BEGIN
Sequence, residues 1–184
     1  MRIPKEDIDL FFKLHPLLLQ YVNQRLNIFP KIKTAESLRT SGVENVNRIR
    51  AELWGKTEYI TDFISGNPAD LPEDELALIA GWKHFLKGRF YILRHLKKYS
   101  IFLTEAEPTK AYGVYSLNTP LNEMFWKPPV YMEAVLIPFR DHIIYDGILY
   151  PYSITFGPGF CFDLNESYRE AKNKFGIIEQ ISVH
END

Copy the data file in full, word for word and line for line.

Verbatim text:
Sequence, residues 1–184
     1  MRIPKEDIDL FFKLHPLLLQ YVNQRLNIFP KIKTAESLRT SGVENVNRIR
    51  AELWGKTEYI TDFISGNPAD LPEDELALIA GWKHFLKGRF YILRHLKKYS
   101  IFLTEAEPTK AYGVYSLNTP LNEMFWKPPV YMEAVLIPFR DHIIYDGILY
   151  PYSITFGPGF CFDLNESYRE AKNKFGIIEQ ISVH